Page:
Posts filed under Colored Pencil

Tombow Irojiten Color Dictionary Color Pencil Review

Tombow Irojiten Color Dictionary Color Pencil Review

In years past, I wouldn’t have given much thought to colored pencils. Then, a little phenomenon called Adult Coloring happened, and I NEED all the colored pencils! Need is a strong term of course, but I do own more colored pencils now than I ever have, and the Tombow Irojiten Color Pencils may be the best of the bunch.

Tombow Irojiten Color Dictionary Color Pencil Boxes

Let’s get the one negative out of the way first: They are expensive. You can buy them in two sizes, either a 30-pack Dictionary, of which there are three, for $34, or one of several 5-pack mini-sets for $9.50. Neither of those are a value by any stretch, but the 30-packs are clearly the way to go even if you just want to test them out.

Tombow Irojiten Color Dictionary Color Pencil Deep I

And test them out I did with the Dictionary set containing the tones Pale I, Vivid I, and Deep I. Confused yet? Understandably so. Each of the three Dictionary sets comes with three 10-packs, individually boxed. The other two sets contain Pale II, Deep II, Light Grayish I, and Fluorescent, Very Pale, Dull I. These are the Copic Marker of the colored pencil world it seems.

It would be nice if each of the 30-pack Dictionaries had a name of their own for discussion and clarity purposes, but I’ll deal with it because these are flat-out the best colored pencils I have used.

Tombow Irojiten Color Dictionary Color Pencils

I chose the set I did because it had the most variety between the three boxes contained within. Pale I is a nice spring palette with a big range of pinks, greens, and blues. Vivid I is the closest to a standard set of colors, with a rainbow of traditional leaning shades. Deep I has a great range of browns, greens, and blues that you don’t normally get in standard colored pencil sets.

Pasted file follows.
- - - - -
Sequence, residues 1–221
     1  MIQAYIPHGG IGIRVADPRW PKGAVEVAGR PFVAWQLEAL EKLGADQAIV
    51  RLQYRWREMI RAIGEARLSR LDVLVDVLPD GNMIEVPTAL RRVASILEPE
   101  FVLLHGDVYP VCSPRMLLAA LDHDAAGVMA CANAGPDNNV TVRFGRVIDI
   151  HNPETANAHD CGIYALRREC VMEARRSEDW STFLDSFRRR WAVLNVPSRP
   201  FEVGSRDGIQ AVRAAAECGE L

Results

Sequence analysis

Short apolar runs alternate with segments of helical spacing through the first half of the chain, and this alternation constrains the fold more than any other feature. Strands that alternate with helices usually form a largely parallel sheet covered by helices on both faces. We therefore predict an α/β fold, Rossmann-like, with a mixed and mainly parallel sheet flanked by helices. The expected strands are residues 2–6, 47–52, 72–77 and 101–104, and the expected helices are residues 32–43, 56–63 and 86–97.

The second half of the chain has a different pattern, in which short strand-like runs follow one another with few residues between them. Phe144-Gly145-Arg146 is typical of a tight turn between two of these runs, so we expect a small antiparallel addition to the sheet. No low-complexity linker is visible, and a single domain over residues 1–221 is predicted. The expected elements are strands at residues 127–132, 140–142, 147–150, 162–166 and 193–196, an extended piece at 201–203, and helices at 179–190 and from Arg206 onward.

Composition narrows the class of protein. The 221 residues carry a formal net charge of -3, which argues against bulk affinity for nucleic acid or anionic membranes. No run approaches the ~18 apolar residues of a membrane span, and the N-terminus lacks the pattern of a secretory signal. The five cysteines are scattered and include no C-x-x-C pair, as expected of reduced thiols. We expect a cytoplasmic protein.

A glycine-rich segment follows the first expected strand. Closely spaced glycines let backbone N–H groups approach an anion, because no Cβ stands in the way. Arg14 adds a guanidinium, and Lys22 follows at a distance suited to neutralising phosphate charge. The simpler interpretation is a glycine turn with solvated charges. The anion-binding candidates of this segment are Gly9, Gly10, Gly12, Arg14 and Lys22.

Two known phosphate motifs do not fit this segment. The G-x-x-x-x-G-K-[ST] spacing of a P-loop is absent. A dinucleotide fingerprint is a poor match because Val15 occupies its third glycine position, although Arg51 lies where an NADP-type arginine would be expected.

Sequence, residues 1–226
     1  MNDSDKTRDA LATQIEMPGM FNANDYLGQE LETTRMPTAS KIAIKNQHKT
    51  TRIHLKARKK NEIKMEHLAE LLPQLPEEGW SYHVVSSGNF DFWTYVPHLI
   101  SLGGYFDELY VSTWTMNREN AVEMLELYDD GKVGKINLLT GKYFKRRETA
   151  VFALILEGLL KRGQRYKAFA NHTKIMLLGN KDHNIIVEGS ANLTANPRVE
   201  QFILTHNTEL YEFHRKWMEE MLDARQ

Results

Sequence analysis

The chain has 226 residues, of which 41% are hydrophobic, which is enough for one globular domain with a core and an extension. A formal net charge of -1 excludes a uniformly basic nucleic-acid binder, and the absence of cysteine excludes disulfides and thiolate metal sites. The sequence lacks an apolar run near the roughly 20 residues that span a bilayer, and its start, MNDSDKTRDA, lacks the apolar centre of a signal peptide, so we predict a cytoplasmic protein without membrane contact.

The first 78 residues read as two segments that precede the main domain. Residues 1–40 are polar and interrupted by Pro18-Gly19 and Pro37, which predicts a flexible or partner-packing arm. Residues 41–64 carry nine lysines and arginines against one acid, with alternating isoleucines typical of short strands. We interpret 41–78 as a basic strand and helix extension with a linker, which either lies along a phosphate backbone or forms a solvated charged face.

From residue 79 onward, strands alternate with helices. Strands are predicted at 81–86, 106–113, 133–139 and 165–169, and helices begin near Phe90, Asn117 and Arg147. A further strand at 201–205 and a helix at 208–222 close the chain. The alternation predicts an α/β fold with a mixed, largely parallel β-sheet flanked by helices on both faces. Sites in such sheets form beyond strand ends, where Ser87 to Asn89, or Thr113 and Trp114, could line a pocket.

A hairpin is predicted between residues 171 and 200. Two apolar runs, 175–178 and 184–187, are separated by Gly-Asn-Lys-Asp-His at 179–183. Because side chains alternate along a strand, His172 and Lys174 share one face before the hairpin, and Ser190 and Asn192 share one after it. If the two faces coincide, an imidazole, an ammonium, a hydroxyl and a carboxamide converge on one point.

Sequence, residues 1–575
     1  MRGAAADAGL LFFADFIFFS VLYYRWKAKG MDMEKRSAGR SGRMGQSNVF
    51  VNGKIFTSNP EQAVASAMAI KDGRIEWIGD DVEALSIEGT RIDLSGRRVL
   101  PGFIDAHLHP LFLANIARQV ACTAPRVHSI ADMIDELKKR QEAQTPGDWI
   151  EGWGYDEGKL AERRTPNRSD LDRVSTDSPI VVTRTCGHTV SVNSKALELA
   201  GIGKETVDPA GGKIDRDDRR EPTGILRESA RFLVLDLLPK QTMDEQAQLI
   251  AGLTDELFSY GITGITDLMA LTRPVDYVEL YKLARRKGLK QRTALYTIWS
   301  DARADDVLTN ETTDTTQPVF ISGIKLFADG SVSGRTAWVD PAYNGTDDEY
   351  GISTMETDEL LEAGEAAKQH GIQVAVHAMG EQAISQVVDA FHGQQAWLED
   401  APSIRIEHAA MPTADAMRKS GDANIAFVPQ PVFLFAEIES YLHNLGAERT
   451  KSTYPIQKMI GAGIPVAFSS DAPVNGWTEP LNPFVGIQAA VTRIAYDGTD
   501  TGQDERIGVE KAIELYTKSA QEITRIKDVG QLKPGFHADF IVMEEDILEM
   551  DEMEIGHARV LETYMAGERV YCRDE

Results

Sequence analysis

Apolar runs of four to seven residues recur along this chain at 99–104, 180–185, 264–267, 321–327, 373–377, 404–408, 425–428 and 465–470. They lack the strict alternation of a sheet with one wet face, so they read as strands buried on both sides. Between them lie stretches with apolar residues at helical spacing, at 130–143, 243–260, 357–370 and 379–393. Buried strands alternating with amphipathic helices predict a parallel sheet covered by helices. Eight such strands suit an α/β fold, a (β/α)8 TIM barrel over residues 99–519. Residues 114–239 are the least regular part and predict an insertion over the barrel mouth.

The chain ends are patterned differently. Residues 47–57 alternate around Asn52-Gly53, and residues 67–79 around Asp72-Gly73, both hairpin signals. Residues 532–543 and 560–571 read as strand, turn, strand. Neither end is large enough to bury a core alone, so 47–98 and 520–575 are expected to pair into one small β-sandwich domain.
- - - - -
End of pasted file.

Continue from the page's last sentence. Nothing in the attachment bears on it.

Tombow Irojiten Color Dictionary Color Pencil Shades

From a writing and coloring perspective these are wonderful. The cores are wax, but they feel the most traditional graphite pencil-like of any colored pencil I have used, right down to the sound and feel on the page. They don’t feel waxy or sticky when laying down lines.

Adult Coloring

Is it strange to say I feel like I can control these colored pencils better than others? That’s what it feels like to me, especially when coloring in fine details. I can hit right on the edges of even the smallest details. I think it has something to do with the pencil-like edge I get from the core, as opposed to a more rounded tip. I make mental notes of this constantly as I am coloring, as if to say “Wow, this is different.”

Adult Coloring Up Close

Sharpening the Irojiten colored pencils is a breeze too. I’ve mostly used my Uni KH-20 crank sharpener, but handhelds, like the KUM Masterpiece, do the trick just as well.

I’d be remiss if I didn’t mention the packaging, because for once, that is the first thing that caught my eye. Each Volume of the Dictionary comes in a dedicated 10-pencil box with plastic slots to hold the pencils in place, and numbering and name details for each pencil on the inside cover. The box also has an elastic band to keep it closed when stored, or on the move. These added touches help justify the price, at least a little bit.

Tombow Irojiten Color Dictionary Color Pencil Storage

The best products are the ones that give you joy. The Tombow Irojiten Colored Pencils do that for me, whether I’m using them, or just looking at them sitting on my desk. And that’s where they have been since they arrived. I like them so much I want them close by at all times. Plus, they fancy up the joint just with their presence.